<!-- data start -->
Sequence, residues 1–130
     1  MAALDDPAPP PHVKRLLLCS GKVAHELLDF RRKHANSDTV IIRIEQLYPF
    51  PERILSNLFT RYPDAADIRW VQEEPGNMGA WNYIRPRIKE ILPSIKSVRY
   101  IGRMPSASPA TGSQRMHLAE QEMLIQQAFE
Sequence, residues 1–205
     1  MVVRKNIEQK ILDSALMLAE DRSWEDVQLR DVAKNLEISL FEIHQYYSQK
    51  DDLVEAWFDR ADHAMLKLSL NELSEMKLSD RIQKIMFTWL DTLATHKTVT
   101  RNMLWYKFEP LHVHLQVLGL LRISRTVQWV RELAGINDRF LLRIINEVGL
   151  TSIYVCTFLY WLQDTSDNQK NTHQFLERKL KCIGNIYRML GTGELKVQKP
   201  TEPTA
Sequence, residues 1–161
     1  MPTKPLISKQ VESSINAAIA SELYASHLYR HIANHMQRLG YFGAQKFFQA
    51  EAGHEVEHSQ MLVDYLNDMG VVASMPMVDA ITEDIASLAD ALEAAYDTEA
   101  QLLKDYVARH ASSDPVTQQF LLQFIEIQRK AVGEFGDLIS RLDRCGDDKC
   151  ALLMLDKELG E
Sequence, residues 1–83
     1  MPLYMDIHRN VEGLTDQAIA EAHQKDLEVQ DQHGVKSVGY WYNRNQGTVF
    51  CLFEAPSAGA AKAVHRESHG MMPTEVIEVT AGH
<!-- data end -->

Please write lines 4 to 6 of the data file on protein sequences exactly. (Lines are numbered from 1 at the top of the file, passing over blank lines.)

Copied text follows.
   101  IGRMPSASPA TGSQRMHLAE QEMLIQQAFE
Sequence, residues 1–205
     1  MVVRKNIEQK ILDSALMLAE DRSWEDVQLR DVAKNLEISL FEIHQYYSQK